Credit and finance for MSMEs: The fortunes of microcredit and micro-enterprises are intertwined. Restricted access to credit and the high cost of borrowing for MSMEs can snowball and have multiple negative consequences for the economy.
By Medha Girotra
Credit and financing for MSMEs: Micro, small and medium-sized enterprises (MSMEs) are at the heart of India’s future growth and a key part of the country’s determination to become a $5 trillion economy by 2025. These businesses make up about half of India’s exports, a third of GDP and a fifth of global employment. Recognizing MSMEs for their global potential and as incubators of India’s entrepreneurial talent, the government has not only facilitated a favorable ecosystem but also provided active support through fiscal initiatives from time to time. Most recently, the extension of the Rs-5-lakh-crore Sovereign Guaranteed Credit Facility for Small Businesses until the next fiscal year announced in the Union Budget 2022, will provide further support to their recovery from the pandemic.
Access to capital is a major challenge in the growth of MSMEs. Most small businesses are unable to apply for and obtain loans because they are unable to meet collateral, asset and document requirements to obtain short-term credit, or even a credit score to submit with their loan applications. Due to the unavailability of the loans, they are unable to build up a credit history with the credit bureaus to show their performance and repayment capacity.
Statistics show that the microfinance network can empower entrepreneurs and communities that typically struggle to access formal credit from the banking sector. Microfinance can be the cornerstone of micro-entrepreneurial enterprises and play a vital role in MSMEs’ quest for financial stability and growth. It can further fuel India’s entrepreneurial spirit by facilitating access to credit.
Thanks to the government’s encouraging policy framework, the private sector is also partnering to provide microfinance solutions to MSMEs and accelerate their seamless transition to a future-proof digitized regime. Microfinance institutions (MFIs) today maintain a high degree of personal contact and regular interaction with borrowers and impart various skills related to entrepreneurship – especially financial skills, computer literacy and market strategies , which not only facilitate access but also support the mission of bridging the vast digital divide. With the help of digitization, turnaround time is reduced, operational costs for lenders are reduced, credit costs are reduced for borrowers.
In addition, microfinance lenders customize their offerings and also help their clients to ensure that disbursed loans are actually used and deployed for the intended purpose. For example, many MFIs launch specific products with repayment frequencies coinciding with crop production cycles. This helps borrowers who depend on agricultural income, which is often subject to seasonal fluctuations. Measures like these help MFIs control non-performing assets (NPA) and encourage budding entrepreneurs to make the best use of their capital.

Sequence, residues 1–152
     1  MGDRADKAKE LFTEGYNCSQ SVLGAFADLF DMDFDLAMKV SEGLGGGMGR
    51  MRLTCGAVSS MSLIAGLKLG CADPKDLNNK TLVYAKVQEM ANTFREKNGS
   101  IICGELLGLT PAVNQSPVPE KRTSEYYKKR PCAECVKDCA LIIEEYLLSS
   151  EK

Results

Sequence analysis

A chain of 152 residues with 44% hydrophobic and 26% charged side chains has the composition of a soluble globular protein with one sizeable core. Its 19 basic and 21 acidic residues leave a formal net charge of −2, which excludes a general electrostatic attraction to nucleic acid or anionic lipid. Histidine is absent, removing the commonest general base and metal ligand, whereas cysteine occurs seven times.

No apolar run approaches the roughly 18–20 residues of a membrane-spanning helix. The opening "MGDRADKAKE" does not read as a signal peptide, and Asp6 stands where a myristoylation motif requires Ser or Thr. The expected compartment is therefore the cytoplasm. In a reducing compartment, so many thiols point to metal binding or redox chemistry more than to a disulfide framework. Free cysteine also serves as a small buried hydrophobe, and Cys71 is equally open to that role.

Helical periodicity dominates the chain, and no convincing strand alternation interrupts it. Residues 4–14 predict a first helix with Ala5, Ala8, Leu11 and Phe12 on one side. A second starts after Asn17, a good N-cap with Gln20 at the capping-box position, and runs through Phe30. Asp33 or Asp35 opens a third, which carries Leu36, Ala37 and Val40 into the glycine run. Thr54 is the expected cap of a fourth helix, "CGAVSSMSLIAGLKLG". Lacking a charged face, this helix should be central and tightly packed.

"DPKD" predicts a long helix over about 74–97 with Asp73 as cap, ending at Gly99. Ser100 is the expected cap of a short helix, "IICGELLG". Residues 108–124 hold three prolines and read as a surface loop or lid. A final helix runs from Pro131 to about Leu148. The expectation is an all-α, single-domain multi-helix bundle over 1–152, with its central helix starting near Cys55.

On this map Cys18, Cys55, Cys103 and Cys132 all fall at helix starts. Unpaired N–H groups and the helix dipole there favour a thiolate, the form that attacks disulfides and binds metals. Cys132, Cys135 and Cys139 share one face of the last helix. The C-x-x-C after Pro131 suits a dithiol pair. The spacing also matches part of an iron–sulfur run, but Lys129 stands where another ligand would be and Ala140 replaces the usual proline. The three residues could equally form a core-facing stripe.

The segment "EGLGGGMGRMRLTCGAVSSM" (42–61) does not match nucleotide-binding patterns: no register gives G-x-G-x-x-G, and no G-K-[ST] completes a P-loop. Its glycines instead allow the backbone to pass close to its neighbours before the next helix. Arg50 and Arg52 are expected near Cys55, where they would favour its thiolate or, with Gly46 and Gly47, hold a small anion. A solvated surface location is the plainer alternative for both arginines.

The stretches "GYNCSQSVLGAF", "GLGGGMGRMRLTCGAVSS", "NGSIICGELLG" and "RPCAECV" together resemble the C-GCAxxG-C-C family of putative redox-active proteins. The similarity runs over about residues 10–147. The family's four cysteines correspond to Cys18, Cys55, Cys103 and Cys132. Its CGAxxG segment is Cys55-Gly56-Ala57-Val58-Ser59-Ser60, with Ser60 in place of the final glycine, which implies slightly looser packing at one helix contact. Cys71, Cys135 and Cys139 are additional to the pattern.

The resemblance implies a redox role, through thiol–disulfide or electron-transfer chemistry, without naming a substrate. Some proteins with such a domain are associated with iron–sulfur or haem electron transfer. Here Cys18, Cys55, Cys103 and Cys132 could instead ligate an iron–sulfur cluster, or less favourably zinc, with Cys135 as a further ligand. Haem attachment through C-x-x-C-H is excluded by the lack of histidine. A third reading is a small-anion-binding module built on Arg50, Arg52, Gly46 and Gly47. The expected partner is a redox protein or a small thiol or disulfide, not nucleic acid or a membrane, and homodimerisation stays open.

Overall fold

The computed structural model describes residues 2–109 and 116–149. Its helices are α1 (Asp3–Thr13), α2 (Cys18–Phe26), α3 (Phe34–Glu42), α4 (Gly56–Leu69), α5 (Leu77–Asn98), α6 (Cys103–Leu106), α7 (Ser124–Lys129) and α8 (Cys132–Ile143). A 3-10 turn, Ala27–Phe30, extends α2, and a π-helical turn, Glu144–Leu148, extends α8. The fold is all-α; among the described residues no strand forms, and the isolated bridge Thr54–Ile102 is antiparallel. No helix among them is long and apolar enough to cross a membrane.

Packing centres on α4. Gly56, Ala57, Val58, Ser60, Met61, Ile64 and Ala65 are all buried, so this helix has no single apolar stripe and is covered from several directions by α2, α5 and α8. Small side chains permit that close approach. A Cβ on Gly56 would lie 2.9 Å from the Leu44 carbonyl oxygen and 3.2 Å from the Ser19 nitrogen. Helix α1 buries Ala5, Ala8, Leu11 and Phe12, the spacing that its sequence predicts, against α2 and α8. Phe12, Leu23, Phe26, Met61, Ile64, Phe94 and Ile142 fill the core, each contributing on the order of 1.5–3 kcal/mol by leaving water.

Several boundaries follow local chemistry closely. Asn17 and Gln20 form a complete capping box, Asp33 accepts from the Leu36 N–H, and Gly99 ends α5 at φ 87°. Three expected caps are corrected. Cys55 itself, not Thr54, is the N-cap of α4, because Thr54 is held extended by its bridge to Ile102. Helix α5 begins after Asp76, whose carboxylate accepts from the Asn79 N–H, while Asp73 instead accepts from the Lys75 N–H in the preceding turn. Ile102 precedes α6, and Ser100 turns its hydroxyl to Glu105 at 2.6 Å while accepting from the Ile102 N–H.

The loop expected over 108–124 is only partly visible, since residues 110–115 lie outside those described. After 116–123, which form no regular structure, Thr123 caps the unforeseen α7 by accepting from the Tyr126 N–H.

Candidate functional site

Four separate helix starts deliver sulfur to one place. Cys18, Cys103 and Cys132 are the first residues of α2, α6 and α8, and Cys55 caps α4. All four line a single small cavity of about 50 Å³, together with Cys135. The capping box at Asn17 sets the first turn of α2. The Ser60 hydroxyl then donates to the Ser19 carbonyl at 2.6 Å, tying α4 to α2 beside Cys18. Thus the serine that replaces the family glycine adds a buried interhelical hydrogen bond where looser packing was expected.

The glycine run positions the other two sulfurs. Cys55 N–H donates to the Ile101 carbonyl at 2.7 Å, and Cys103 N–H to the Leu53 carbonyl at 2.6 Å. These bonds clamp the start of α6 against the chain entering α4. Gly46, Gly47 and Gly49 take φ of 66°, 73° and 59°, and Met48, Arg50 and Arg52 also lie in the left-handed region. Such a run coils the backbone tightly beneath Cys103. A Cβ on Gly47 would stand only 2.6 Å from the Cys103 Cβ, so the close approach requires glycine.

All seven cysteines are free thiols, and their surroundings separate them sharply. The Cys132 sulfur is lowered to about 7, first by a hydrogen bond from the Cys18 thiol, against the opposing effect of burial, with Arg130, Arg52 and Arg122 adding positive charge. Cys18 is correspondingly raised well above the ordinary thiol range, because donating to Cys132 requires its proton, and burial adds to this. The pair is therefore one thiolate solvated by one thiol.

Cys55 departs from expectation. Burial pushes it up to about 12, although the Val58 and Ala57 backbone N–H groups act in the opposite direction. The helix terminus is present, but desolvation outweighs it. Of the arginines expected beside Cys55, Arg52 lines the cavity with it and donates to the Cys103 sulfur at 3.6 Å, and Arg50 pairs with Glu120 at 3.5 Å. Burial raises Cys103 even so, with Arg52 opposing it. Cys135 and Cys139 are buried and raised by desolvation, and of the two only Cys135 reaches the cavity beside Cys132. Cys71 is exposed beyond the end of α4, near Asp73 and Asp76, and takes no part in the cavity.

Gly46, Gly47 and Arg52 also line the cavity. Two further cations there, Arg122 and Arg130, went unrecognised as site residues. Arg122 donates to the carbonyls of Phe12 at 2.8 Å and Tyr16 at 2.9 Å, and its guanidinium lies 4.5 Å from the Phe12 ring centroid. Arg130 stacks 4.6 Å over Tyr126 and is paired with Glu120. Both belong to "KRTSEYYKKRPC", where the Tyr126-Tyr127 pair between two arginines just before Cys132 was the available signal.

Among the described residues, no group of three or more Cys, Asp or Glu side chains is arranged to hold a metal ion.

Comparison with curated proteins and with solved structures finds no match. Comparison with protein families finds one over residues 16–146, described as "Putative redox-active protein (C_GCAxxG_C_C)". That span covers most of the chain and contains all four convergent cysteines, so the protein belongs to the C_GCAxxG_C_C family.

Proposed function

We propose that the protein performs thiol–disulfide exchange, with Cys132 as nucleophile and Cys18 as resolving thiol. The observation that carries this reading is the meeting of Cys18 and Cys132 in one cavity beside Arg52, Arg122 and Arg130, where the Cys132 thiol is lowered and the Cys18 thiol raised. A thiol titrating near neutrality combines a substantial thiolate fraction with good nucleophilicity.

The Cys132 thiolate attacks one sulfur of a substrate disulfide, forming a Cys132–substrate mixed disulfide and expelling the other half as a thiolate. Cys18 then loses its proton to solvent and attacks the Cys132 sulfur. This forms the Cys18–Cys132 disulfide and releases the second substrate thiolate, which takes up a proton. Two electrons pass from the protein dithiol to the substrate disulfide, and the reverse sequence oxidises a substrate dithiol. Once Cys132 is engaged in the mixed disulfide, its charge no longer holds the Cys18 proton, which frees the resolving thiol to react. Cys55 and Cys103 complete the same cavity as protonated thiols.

The government’s landmark fintech and digital payments reforms – including IndiaStack which includes UPI, the Jan Dhan-Aadhaar-Mobile (JAM) trinity and e-KYC – have helped simplify microfinance credit for those who need it . For its part, the private sector is committed to investing its financial resources and knowledge to accelerate the transition.
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The fortunes of microcredit and micro-enterprises are closely linked. Restricted access to credit and high cost of borrowing for MSMEs can snowball and lead to multiple negative consequences for the economy, namely limited livelihood opportunities, reduced income levels and inequality, surge unemployment, high default rates and low private investment. On the other hand, as MFIs turn more job seekers into job creators, they help unlock several economic benefits for the country.
Adequate policy and regulatory incentives can also encourage MFIs to sustainably improve the supply of finance available to MSMEs. Flexible applications of capital adequacy and liquidity requirements in banks, adjusting regulatory requirements according to the size and complexity of banking portfolios, should be explored. These would allow smaller and less complex non-international banks to increase funds for loans to bridge the credit gap, with easier access and lower cost. It would also be important to subsidize loan insurance for financial institutions that serve MSMEs and to move to an internal rating-based (IRB) approach from a standard credit risk measurement approach that will incentivize banks capture and use alternative new sources of data on their loan portfolios, such as transactional and behavioral benchmark data.
India’s micro-entrepreneurial spirit can only flourish if there is sufficient liquidity through a vibrant microfinance ecosystem. This will help many deserving borrowers to enter the formal financial system. The objective of financial inclusion is to ensure that each individual can choose from a wide range of financial products and services according to their needs and preferences, without being limited by cost, location or socio-economic considerations. .
By providing adequate and timely tools and credit assistance to small entrepreneurs, the microfinance sector can accelerate our progress towards a more socially and economically inclusive society.
Medha Girotra is Vice President of Public Policy at Mastercard. The opinions expressed are those of the author.